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I'm a new cyclist and I'm looking for a new bike primarily for recreation and also for fitness. I would like a mountain bike mainly because I like the style and the fat tires! However, I won't really be doing much if any trail riding. I did some research to try and determine the right size bike for me and based on my 5'9" height and my 29" inside leg I found that I needed an 18" or medium sized mountain bike. However, when I went to the store to check them out, it seemed like the 18" or medium bikes were quite small, and I felt like I wouldn't be comfortable on something like that.

So I was wondering if mountain Bikes, by design, are somewhat smaller than road or hybrid bikes due to the way they are ridden? If I'm not intending to do any actual mountain biking with it, would I be OK buying a larger size? I'm assuming that when riding trails etc. most riders are standing in the pedals rather than sitting on the saddle, but I'm guessing I'll spend more time in the saddle when I'm riding, which makes me feel like a larger bike would be best for me.

Just looking for some guidance here so I don't make a bad decision. Thanks

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    "What bike should I buy" has been asked several times, and I have always answered "Used". You don't really know what sort of bike will suit you best until you've ridden a modest amount, and you don't want to blow a wad of money on a bike that doesn't work for you. A common mistake is to buy a bike that is too large -- these are easy to spot since they are available in garage sales, 5-10 years old and ridden maybe 100 miles total. – Daniel R Hicks May 19 '18 at 2:11
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    "comfortable to you" Don't be fooled by squishy saddles - you want a bike that fits you more than anything else. If you're not off-roading, avoid a MTB. If you're not going fast on road, avoid a dropbar road bike. Look at a commuter or hybrid bike as an "average" thing. If they feel too small, they are too small. If you want fat tyres, get a commuter with fat tyres. Riding is for you, not how you look on the bike. Also, Daniel is right with the used choice - for a first bike its a wallet friendly starting point to clarify what you want and don't want. – Criggie May 19 '18 at 2:16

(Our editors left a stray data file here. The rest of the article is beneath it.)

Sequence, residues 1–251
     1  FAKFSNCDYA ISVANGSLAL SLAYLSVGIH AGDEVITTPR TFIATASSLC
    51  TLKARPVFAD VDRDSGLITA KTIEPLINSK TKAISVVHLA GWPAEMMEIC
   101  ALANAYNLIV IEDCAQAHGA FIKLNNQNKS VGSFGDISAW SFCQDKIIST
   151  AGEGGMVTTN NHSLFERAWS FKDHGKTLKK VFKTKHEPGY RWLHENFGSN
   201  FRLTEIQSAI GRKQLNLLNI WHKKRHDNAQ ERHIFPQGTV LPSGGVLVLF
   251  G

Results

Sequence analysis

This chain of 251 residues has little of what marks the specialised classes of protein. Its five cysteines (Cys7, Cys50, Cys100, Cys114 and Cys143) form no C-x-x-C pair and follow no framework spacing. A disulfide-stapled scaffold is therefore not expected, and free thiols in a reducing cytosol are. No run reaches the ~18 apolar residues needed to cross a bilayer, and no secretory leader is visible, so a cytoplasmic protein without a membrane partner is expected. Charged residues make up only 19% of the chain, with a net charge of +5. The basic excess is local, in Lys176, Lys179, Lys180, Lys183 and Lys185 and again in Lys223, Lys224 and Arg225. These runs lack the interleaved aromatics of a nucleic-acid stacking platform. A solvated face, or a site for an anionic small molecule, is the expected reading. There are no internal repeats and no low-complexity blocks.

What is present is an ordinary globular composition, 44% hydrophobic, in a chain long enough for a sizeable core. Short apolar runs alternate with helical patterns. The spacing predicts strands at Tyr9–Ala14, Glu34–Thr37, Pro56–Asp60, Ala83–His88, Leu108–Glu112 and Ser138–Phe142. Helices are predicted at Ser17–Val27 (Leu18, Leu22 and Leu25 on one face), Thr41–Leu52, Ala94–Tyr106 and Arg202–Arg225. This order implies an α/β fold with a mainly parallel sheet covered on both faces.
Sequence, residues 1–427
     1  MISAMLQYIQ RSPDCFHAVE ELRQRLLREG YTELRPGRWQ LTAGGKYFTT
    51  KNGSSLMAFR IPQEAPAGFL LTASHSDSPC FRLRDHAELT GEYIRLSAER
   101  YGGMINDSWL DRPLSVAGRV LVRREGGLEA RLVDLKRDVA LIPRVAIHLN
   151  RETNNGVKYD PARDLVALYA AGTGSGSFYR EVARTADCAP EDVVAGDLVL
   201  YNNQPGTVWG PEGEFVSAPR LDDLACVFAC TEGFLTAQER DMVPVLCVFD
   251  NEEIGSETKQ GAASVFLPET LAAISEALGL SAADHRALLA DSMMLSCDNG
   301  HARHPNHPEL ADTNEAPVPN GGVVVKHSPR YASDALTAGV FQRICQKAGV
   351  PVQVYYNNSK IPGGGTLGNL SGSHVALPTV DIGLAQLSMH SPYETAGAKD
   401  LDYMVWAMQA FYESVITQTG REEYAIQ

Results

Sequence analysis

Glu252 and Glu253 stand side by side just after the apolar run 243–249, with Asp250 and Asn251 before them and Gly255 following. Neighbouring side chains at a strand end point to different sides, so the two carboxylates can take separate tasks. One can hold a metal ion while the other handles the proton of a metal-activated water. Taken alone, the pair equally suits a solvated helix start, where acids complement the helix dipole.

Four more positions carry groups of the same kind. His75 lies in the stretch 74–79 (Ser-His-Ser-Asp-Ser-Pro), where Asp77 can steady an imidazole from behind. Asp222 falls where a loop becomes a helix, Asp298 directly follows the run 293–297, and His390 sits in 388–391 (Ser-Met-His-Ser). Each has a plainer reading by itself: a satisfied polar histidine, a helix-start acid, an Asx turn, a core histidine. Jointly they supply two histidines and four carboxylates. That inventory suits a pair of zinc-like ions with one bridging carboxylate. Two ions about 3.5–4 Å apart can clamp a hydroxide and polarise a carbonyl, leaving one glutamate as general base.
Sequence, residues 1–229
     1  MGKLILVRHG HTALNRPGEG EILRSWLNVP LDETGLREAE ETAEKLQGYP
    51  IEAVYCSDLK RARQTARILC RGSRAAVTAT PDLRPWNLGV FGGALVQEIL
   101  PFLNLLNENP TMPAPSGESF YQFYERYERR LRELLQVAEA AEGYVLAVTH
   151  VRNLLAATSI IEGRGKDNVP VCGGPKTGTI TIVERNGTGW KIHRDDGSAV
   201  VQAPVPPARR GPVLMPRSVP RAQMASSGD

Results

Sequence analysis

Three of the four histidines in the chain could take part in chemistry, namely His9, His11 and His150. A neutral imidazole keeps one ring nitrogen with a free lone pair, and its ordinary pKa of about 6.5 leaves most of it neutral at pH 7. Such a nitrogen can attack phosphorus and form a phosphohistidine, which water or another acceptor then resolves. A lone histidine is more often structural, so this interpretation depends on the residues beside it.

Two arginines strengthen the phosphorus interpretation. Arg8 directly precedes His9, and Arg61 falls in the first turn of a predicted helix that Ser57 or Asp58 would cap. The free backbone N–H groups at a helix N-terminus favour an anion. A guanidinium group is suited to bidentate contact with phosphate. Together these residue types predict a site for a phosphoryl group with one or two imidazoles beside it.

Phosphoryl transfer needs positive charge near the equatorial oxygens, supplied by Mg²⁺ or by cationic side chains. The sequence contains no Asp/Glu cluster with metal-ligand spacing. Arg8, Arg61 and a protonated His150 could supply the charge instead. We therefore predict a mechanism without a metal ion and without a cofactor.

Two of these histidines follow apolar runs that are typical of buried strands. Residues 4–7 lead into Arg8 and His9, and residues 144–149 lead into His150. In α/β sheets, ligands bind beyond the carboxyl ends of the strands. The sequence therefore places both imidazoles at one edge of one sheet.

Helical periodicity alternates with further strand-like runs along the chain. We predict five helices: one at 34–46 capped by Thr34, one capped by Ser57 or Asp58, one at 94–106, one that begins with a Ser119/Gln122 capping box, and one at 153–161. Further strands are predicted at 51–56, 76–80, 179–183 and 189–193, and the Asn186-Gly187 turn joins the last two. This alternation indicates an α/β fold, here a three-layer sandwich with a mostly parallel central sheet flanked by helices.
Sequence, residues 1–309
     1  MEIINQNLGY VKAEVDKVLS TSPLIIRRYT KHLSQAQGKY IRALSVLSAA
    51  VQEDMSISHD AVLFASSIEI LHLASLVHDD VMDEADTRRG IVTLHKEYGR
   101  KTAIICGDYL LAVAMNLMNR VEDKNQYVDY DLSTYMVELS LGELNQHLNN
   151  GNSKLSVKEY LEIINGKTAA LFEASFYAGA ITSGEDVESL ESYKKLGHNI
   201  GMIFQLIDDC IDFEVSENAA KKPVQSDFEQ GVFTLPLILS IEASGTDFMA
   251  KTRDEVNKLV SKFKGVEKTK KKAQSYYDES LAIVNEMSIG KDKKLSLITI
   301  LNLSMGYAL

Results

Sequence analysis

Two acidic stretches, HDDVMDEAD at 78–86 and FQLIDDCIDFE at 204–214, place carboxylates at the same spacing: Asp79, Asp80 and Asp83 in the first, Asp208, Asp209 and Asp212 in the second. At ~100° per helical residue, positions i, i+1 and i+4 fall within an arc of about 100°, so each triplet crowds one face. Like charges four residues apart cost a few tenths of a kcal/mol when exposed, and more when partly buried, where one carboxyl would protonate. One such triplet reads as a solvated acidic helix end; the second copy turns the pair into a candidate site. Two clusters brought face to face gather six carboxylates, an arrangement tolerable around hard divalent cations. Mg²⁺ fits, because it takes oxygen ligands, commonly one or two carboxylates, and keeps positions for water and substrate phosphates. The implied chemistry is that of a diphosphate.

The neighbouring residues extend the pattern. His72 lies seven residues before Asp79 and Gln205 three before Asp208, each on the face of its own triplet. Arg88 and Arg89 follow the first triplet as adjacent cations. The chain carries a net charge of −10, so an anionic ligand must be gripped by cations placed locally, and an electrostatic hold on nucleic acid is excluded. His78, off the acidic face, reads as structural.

• If you're expecting "brand and model and size" answers, you won't get them. On this Stack, such answers are considered off-topic because they're of short term use to one person only. – Criggie May 19 '18 at 2:18
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    If going mainly on paved roads, a mountain bike is just wasting your energy. If you put slick (road) tyres on a MTB the choice is wrong from the start. I would get a road bike with allowances for big tyres , that would be the old hybrid, modern gravel bike. You can go with those on off road trails (those that a car would be able to do too ) – gaurwraith May 19 '18 at 18:14
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Whenever I am asked a question like yours, I invariably ask back: "what are you going to do with that bike?".

As 90% of the time the answer is "dunno", the obvious suggestion is "go for an economical model that fares decently in most situations, then when you have found out what your cup of tea is and you still love biking, go for a more expensive choice".

And this advice is based on my own experience: in the times where having a mountain bike was cool, I rode an old 3 speed, steel frame from the '60s, my father's legacy. It was not cool maybe (nowadays we would call it vintage), but served my purpose.